[Source:- ITpro]

Windows 10 Anniversary Update makes it harder for admins to remove advertising

Microsoft has been accused of injecting ads and sponsored apps into Windows for quite a while and now they’re taking more direct steps to prevent users disabling them through Group Policies. Several Group Policies will be deactivated with the Anniversary Update, making it harder for IT-pros and system admins to prevent unwanted content.

When the Anniversary Update rolls out to current November Update users, there will no longer be a way to block the obnoxious ads that automatically pin themselves to your PCs start menu when you start it for the first time. In a network with all PCs connected to each other, there is a universal Group Policy that applies to every PC on the network, which means adding a new machine to the family will automatically adjust it; such as disabling the ads and sponsored apps on all new PCs, however, this change will prevent that. By disabling the Policies that take care of the advertising, system admins will have to manually remove the ads from every new PC they get.

This change doesn’t only apply to the start menu. As reported by InfoWorld, the lock screen can only be disabled on certain editions of Windows 10 from August 2nd: Enterprise, Education, and Server SKUs. This seems like an unrelated thing with no context, but Microsoft is actually, quietly, pushing ads to the lock screen too. With things like Tomb Raider and Cortana popping up there occasionally, this may be something users could want to disable but can’t anymore.

We will see how users of Windows 10 react to these changes once the Anniversary Update rolls out on August 2nd.

 

[Source: Winbeta]

Fresh Paint Windows 10 Preview lands in the Store but you can’t download it yet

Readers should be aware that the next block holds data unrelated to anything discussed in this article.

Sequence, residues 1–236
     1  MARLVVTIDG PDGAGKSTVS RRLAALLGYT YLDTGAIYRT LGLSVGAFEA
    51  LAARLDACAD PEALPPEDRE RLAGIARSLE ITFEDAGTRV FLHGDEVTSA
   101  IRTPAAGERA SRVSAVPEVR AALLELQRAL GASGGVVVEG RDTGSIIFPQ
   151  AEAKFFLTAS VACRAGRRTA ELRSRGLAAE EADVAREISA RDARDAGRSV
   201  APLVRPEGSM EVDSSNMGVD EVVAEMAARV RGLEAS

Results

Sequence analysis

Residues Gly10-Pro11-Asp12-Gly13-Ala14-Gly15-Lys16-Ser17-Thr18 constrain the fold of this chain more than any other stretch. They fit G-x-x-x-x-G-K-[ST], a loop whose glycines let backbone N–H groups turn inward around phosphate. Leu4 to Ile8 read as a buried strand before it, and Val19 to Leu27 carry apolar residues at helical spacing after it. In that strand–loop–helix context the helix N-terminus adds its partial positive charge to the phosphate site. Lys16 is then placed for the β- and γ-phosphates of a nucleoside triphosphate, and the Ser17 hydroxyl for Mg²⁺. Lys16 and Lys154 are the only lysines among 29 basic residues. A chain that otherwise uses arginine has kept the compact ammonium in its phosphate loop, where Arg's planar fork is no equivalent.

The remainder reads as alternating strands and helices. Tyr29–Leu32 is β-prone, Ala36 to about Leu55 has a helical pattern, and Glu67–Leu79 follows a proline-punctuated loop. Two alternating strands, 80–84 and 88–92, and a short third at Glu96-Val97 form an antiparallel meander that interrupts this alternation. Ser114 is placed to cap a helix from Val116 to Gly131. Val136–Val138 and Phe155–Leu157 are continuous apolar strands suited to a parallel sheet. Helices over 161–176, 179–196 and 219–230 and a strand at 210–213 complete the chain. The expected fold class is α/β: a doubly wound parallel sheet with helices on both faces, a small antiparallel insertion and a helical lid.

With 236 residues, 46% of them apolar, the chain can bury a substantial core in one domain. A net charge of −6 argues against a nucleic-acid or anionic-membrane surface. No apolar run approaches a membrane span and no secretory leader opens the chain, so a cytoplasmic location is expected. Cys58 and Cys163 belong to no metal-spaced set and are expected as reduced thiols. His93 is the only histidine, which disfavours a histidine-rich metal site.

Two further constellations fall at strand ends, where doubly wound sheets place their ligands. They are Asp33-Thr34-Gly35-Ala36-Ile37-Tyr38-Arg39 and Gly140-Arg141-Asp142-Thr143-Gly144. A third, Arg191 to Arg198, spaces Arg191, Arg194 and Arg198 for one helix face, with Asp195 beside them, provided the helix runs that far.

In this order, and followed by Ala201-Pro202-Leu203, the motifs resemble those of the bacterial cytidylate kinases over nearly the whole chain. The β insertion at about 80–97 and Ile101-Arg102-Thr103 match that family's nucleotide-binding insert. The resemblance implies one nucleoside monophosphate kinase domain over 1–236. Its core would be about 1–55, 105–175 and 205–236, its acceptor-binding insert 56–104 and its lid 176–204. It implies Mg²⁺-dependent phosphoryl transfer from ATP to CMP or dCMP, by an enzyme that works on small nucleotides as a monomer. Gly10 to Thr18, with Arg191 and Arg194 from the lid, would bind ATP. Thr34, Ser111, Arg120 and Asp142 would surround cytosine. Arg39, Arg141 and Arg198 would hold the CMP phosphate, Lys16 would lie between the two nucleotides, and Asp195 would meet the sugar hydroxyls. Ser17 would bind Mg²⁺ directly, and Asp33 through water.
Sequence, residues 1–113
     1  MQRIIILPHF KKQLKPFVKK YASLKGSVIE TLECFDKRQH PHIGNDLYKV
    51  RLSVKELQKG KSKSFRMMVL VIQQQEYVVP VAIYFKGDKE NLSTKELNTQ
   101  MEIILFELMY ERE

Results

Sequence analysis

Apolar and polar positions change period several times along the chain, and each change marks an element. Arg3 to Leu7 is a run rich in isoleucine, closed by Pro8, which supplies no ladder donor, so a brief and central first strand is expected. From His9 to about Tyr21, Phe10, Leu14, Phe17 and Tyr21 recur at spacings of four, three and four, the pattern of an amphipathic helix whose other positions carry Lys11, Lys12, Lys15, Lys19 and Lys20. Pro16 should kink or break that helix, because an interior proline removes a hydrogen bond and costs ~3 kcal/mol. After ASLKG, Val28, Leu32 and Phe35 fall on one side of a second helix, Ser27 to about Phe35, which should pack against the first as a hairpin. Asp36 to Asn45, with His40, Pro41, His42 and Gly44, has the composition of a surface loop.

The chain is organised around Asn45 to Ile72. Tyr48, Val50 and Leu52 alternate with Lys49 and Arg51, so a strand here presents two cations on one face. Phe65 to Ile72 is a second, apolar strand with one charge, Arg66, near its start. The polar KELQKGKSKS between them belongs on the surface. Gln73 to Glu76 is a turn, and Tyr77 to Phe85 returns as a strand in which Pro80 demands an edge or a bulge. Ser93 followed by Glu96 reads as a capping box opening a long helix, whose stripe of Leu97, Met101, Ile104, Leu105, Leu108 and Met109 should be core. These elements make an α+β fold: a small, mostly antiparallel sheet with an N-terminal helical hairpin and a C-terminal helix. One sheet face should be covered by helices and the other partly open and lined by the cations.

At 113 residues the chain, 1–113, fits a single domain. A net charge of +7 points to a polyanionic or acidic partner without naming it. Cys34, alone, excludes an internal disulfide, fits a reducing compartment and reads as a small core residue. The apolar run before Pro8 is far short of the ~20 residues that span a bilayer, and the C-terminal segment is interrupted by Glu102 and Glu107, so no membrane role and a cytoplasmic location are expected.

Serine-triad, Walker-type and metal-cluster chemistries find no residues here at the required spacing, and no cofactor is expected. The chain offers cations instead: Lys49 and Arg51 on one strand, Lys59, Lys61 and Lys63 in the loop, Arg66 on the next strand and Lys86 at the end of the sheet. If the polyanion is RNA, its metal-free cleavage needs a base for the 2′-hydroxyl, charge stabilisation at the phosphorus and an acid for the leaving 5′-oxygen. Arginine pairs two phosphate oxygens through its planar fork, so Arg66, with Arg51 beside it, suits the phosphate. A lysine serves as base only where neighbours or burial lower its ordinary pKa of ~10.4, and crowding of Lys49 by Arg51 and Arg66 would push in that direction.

For the artists among us, there’s a new app out on the Windows Store that might just help you unleash your inner creative: A preview version of Fresh Paint, the Windows 10 app that’s been around for a while now. While you should already have Fresh Paint installed by default, this new preview version is something else entirely. We don’t know precisely what the purpose of this app is, and it doesn’t help that we currently have no way of getting it.

The preview version of Fresh Paint, while having a listing up on the Windows Store, can’t be downloaded just yet. On top of this, its description is entirely barren, only giving out the basic two sentence description of the app: “The delightfully realistic painting application for you, your friends and family. It’s time to set your creativity free!”

This listing on the Windows 10 Store is, at the time of writing, sort of an anomaly. If it ever becomes something that we can download, however, it’s fair to assume it could have a few extra features that Fresh Paint users would want to get their hands on. For those curious, check out the app listing via the download link below. We’ll let you know once the app becomes available for download.

 

[Source:- Winbeta]

IT Security Teams Are Stretched to the Limit

Heterogeneity Rules

The growth of virtualization and cloud computing—and the nimble and responsive architectures they enable—has brought companies unquestioned benefits, ranging from increased business agility to reduced application costs. But the heterogeneous environments most companies are now overseeing also have brought unprecedented complexity and vulnerability. With so many sub-environments and so much cross-application traffic to monitor—not to mention an increasingly sophisticated and fast-growing population of bad guys to safeguard against—it’s become difficult for enterprises to even detect a threat, much less respond in a timely fashion. Such is the inescapable takeaway from a recent survey that the SANS Institute conducted for adaptive security vendor Illumio. “When it comes to limiting damage and preventing data breaches, time continues to be the biggest challenge for security and risk professionals,” said SANS analyst Dave Shackleford, author of “The State of Dynamic Data Center and Cloud Security in the Modern Enterprise” report. “If our security stance is going to improve, we need better visibility, the ability to make configuration changes faster and to contain attacks more quickly.” The survey polled 430 security and risk professionals from the SANS community.

[Source:- Eweek]